Violations of the HIPAA privacy and security regulations may result in civil and criminal penalties. The HITECH Act strengthened the requirements of the HIPAA privacy and security regulations and significantly increased the penalties for violations by introducing a tiered penalty system, with penalties of up to $50,000 per violation with a maximum civil penalty of $1.5 million in a calendar year for violations of the same requirement. However, a single breach incident can result in violations of multiple requirements, resulting in possible penalties well in excess of $1.5 million. Under the HITECH Act, HHS is required to conduct periodic compliance audits of covered entities and their business associates. The HITECH Act and the HIPAA Omnibus Rule also extend the application of certain provisions of the security and privacy regulations to business associates and subjects business associates to civil and criminal penalties for violation of the regulations.
The HITECH Act authorizes State Attorneys General to bring civil actions seeking either an injunction or damages in response to violations of HIPAA privacy and security regulations or the new data breach law that affects the privacy of their state residents. We expect vigorous enforcement of the HITECH Act’s requirements by HHS and State Attorneys General. HHS has allocated increased funding towards HIPAA enforcement activity and such enforcement activity has seen a marked increase over recent years. We cannot predict whether our surgical facilities will be able to comply with the final rules and the financial impact to our surgical facilities in implementing the requirements under the final rules when they take effect, or whether our hospitals will be selected for an audit, or the results of such an audit.
Our facilities also remain subject to any state laws that relate to privacy or the reporting of data breaches that are more restrictive than the regulations issued under HIPAA and the requirements of the HITECH Act. For example, various state laws and regulations may require us to notify affected individuals in the event of a data breach involving certain personal information, such as social security numbers, dates of birth and credit card information.
Adoption of Electronic Health Records
The HITECH Act includes provisions designed to increase the use of EHR by both physicians and hospitals. Beginning in 2011 and extending through 2016, eligible hospitals may receive incentive payments based upon successfully demonstrating meaningful use of its certified EHR technology. Beginning in 2015, those hospitals that did not successfully demonstrate meaningful use of EHR technology were subject to reduced payments from Medicare. EHR meaningful use objectives and measures that hospitals and physicians must meet in order to qualify for incentive payments were implemented in three stages taking full effect in 2018. Our facilities licensed as hospitals began the implementation of EHR initiatives in 2012. We strive to comply with the EHR meaningful use requirements of the HITECH Act so as to qualify for incentive payments. Continued implementation of EHR and compliance with the HITECH Act may result in significant costs.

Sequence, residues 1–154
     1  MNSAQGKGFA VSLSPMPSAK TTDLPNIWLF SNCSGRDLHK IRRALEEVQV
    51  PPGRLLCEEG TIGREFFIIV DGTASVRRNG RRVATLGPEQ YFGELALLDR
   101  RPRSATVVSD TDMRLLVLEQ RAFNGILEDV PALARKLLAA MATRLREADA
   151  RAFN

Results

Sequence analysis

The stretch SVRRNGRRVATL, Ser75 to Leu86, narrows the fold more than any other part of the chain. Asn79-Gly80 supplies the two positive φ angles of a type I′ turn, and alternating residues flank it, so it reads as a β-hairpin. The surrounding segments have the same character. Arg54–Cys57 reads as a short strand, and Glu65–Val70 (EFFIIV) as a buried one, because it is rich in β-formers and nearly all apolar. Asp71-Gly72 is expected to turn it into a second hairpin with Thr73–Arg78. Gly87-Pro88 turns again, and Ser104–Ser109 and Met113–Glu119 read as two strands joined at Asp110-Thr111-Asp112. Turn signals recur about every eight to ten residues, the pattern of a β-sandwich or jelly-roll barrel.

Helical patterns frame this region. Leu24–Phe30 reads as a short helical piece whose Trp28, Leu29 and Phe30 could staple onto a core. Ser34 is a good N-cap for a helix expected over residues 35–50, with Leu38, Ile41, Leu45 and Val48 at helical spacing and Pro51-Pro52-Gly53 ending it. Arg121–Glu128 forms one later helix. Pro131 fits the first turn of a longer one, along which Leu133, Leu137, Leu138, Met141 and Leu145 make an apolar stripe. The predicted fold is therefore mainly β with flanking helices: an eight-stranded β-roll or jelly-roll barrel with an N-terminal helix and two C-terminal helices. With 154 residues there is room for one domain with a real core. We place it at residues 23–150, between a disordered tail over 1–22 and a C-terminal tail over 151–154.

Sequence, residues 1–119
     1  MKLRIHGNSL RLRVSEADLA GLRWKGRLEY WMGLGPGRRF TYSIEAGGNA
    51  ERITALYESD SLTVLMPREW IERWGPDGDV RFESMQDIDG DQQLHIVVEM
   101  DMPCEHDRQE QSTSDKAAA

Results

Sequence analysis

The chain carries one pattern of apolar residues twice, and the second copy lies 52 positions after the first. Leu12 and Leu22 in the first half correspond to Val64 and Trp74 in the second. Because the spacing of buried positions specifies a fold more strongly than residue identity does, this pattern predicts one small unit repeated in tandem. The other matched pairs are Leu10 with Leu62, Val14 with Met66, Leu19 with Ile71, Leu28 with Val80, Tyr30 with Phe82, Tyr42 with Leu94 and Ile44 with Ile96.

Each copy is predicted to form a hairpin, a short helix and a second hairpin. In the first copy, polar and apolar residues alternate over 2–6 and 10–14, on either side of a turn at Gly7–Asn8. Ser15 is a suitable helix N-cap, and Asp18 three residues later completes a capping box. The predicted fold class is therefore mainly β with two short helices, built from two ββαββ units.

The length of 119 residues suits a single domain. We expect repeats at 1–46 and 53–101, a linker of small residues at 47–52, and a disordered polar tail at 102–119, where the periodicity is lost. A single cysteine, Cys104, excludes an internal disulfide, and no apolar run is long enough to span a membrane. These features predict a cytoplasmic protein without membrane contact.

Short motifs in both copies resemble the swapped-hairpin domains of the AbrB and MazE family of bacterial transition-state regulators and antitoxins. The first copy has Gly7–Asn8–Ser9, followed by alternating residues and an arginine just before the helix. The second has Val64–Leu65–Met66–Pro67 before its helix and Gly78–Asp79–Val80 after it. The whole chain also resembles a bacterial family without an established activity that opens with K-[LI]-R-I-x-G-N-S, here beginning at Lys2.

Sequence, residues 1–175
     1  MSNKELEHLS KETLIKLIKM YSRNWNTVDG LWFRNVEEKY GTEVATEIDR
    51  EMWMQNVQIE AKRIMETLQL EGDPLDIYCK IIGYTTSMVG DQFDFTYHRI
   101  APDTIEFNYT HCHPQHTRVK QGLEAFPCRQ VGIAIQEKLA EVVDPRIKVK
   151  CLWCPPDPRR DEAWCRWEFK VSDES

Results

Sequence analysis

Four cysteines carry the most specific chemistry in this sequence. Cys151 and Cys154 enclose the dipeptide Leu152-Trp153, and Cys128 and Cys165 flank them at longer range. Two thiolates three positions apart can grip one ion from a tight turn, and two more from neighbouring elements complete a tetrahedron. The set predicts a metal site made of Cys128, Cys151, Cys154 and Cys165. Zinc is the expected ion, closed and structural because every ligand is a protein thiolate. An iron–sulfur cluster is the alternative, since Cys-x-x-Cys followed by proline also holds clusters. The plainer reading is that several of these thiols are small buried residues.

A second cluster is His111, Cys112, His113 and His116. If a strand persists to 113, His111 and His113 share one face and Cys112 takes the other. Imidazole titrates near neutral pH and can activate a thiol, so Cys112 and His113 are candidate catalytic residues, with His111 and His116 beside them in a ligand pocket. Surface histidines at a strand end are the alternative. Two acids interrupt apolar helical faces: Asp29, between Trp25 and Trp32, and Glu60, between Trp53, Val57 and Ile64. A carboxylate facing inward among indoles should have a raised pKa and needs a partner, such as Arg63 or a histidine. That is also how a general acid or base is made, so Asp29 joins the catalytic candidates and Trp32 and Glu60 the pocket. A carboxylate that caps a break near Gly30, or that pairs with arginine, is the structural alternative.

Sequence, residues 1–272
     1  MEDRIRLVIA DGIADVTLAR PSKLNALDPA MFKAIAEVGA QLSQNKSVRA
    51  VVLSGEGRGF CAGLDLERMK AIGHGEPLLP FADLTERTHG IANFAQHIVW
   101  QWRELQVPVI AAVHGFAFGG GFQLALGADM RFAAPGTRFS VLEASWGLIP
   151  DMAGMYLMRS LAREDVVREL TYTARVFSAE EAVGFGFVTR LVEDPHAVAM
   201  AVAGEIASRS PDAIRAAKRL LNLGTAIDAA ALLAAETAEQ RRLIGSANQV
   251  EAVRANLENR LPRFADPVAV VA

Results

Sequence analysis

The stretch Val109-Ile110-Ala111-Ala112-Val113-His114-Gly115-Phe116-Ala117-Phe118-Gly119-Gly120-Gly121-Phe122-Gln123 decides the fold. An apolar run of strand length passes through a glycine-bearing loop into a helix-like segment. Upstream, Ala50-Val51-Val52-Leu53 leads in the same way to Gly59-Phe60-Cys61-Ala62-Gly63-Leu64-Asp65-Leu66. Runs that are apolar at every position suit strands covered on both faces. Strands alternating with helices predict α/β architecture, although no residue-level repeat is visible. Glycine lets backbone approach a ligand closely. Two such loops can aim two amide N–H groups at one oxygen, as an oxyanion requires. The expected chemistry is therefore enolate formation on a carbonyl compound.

HIPAA Administrative Simplification Requirements
The HIPAA transaction regulations were issued to encourage electronic commerce in the healthcare industry. These regulations include standards that healthcare providers must follow when electronically transmitting certain healthcare transactions, such as healthcare claims.
Emergency Medical Treatment and Active Labor Act
Our hospitals are subject to the Emergency Medical Treatment and Active Labor Act (“EMTALA”). This federal law requires any hospital that participates in the Medicare program to conduct an appropriate medical screening examination of every person who presents to the hospital’s emergency department for treatment and, if the patient is suffering from an emergency medical condition, to either stabilize that condition or make an appropriate transfer of the patient to a facility that can handle the condition. The obligation to screen and stabilize emergency medical conditions or transfer exists regardless of a patient’s ability to pay for treatment. Off-campus facilities such as surgery centers that lack emergency departments or otherwise do not treat emergency medical conditions generally are not subject to EMTALA. They must, however, have policies in place that explain how the location should proceed in an emergency situation, such as transferring the patient to the closest hospital with an emergency department. There are severe penalties under EMTALA if a hospital fails to screen or appropriately stabilize or transfer a patient or if the hospital delays appropriate treatment in order to first inquire about the patient’s ability to pay, including civil monetary penalties and exclusion from participation in the government health care programs. In addition, an injured patient, the patient’s family or a medical facility that suffers a financial loss as a direct result of another hospital’s violation of the law can bring a civil suit against that other hospital. CMS has actively enforced EMTALA and has indicated that it will continue to do so in the future. We believe that our hospitals comply with EMTALA.